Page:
Waiting to go into labor can be challenging.  When the estimated due date comes and goes on the calendar and you are still pregnant, you and/or your care provider might consider induction of labor. However, other providers and families decide to wait for labor to begin on its own.  The decision about labor induction should be one that is a shared decision made between you and your provider.

If the plan is for an induction, there are a few options different option. Some are considered more natural and other are artificial.  When it comes to the natural options for inducing labor, stripping (also called sweeping) of the membranes is one of the options

What is membrane stripping?

  • Membrane stripping is also called membrane sweeping or cervical sweep.
  • Membrane stripping is the removal of the membranes between the amniotic sac and the lower uterine segment.
  • When these membranes are removed, they can lead to the production of the hormone oxytocin which can begin the process of labor.

How is membrane stripping done?

  • Membrane stripping is usually done in your provider’s office during a prenatal appointment.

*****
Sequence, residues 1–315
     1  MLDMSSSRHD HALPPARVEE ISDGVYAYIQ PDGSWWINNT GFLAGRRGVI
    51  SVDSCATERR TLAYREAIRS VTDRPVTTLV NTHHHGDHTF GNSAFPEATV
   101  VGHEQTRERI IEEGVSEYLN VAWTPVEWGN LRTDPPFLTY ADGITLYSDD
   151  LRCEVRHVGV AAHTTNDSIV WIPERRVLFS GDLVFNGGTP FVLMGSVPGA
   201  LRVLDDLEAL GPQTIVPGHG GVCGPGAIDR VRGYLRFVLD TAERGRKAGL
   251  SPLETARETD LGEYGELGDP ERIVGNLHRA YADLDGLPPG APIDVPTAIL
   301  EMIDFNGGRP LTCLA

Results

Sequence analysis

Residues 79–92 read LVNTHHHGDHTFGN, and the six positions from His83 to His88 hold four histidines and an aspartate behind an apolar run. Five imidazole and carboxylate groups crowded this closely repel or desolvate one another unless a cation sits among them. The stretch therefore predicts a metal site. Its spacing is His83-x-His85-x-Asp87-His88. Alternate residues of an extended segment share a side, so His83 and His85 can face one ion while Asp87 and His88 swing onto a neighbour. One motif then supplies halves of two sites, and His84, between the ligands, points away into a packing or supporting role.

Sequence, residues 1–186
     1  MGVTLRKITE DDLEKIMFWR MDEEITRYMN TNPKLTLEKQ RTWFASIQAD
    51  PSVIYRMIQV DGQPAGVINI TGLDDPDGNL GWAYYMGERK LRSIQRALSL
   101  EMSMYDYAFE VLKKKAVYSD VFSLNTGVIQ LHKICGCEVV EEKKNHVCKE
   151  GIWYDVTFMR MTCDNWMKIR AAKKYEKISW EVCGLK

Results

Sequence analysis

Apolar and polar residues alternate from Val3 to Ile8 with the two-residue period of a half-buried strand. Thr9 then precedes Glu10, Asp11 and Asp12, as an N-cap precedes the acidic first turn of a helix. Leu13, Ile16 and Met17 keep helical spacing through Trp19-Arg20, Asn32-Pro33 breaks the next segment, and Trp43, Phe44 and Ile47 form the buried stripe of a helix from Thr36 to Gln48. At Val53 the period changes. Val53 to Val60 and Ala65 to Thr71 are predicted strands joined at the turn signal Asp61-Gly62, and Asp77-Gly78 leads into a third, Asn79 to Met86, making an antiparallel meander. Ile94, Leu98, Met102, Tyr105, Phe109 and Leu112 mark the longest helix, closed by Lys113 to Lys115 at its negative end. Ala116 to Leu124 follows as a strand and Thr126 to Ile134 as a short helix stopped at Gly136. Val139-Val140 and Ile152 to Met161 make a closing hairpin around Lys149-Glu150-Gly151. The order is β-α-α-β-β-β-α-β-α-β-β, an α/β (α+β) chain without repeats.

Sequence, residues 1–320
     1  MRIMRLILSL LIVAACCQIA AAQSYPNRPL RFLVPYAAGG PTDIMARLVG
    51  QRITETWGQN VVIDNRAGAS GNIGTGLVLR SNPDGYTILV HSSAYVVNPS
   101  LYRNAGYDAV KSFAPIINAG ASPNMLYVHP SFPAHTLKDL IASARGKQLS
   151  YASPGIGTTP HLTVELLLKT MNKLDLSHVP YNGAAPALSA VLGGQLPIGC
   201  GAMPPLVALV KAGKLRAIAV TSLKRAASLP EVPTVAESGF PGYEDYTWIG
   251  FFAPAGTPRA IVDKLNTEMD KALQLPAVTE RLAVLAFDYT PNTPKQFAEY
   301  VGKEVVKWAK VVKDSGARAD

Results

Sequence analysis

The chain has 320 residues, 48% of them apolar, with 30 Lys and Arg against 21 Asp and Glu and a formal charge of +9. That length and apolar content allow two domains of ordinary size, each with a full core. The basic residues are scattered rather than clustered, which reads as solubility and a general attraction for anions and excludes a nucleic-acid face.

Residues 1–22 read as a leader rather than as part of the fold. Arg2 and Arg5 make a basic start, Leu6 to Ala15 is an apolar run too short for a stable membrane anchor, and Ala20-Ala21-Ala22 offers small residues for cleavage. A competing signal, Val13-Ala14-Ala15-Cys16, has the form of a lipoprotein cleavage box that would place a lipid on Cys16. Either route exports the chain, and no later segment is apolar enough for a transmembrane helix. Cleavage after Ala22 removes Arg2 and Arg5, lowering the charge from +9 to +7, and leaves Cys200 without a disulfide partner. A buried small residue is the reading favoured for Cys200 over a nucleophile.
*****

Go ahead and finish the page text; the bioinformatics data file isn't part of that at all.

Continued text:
• In order to strip the membranes, your cervix must be opened or dilated enough that they can insert a fingertip (usually 1cm)
  • For the membrane stripping, your care provider will insert a sterile gloved finger into your vagina. They will put their finger into your cervix and sweep it around in order to remove the membranes that are attached between the amniotic sac and your cervix or lower uterine wall.
  • Sometimes a provider will also use their finger(s) to stretch your cervix at the same time. This can be called a cervical stretch and sweep.

What are the risks?

  • Stripping the membranes can start some cramping that can then turn into labor, but it can also sometimes create an extended early phase of labor.
  • During the sweeping of the membranes, your provider can accidentally rupture your membranes (break your water).
  • Any time you have a vaginal exam there is an opportunity for an infection.

Other things to know about membrane sweeping

  • If you know this is something you ARE NOT interested in, talk to your provider about this before any vaginal exams that you have in late pregnancy. Informed consent for this procedure is always recommended.
  • Stripping the membranes can cause cramps and lower back pain.
  • Stripping the membranes can cause some light spotting of blood after the procedure.
  • If you are interested in avoiding an artificial induction of labor, stripping the membranes could be an option to discuss with your care provider before other induction methods.
  • Some people describe the procedure as painful. We recommend using slow breathing techniques during the procedure to help manage the discomfort.
  • Can decrease the need for a medical induction of labor

All procedures, like membrane stripping should be discussed with your care providers.  It is recommended to weigh the benefits, risks and alternatives to the procedure and consider your own intuition before making decisions.